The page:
The online form establishes where the student will be completing the internship and the number of credit hours requested. Internships for 3 or fewer credit hours will be graded; the internship coordinator automatically assigns a grade of pass/fail to students who enroll in 4 or more internship credit hours during a given semester. Additionally, all students must sign a non-disclosure statement before starting activities at the internship site.

The hours requirements for internships are as follows: a student must complete 45 hours of work at an internship site for a one-credit internship, 90 hours for a two-credit internship, and 135 hours for a three-credit internship (in some cases, students can earn more than three internship credits in a semester). The student and the cooperating agency supervisor are responsible for developing a schedule that will help the student meet the hour requirement for the number of credits requested.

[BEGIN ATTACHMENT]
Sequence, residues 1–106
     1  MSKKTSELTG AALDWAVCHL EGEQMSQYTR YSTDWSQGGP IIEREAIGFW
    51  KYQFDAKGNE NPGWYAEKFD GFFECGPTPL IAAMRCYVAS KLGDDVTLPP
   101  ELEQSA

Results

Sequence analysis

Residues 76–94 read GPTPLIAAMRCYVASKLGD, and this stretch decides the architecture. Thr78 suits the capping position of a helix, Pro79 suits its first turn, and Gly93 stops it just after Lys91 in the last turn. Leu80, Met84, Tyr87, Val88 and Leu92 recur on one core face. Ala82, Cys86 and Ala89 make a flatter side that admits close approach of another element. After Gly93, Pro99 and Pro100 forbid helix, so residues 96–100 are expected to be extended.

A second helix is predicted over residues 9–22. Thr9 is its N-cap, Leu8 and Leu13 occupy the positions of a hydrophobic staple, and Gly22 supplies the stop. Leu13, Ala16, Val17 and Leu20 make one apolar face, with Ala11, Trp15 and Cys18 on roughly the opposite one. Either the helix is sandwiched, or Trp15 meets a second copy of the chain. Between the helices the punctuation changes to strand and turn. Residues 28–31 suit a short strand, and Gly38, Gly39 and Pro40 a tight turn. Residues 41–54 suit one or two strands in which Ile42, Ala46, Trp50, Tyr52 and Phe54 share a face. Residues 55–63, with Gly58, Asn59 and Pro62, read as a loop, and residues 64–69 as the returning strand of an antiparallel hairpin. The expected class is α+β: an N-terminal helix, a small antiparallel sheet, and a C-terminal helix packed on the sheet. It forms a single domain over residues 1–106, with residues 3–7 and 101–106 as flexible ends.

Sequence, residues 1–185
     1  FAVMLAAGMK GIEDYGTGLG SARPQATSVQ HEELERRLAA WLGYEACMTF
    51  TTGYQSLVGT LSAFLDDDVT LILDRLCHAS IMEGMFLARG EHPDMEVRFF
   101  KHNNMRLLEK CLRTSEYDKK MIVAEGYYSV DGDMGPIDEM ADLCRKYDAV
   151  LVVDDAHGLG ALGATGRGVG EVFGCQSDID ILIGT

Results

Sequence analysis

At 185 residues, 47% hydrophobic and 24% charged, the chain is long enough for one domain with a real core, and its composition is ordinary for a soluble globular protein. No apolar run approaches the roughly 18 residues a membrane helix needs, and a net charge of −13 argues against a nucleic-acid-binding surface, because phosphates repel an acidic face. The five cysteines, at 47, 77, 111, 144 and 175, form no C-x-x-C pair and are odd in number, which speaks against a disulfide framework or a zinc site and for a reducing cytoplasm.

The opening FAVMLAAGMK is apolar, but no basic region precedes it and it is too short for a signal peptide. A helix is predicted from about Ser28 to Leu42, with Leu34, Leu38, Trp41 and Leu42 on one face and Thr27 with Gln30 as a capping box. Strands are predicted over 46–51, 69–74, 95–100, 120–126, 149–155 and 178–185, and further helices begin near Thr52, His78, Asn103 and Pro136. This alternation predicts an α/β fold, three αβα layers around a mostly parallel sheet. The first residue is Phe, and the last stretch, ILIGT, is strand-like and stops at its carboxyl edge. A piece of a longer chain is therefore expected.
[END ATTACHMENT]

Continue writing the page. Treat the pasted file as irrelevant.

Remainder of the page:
Internship grades are determined by several factors. First, near the end of the semester, the cooperating agency supervisor will be asked to recommend a grade for the student who completed the internship, based on his or her observations of the student’s performance. Second, the student will turn in a journal (see below).

Internship Journals

Students must each turn in a journal documenting his or her experiences during the internship, and the material provided in the journal will also affect the grade that is ultimately assigned by the internship coordinator. Journals of extraordinary quality may allow for final grades higher than those recommended by the cooperating agency supervisor, and mediocre or low quality journals may result in poorer grades than those suggested by the cooperating agency supervisor.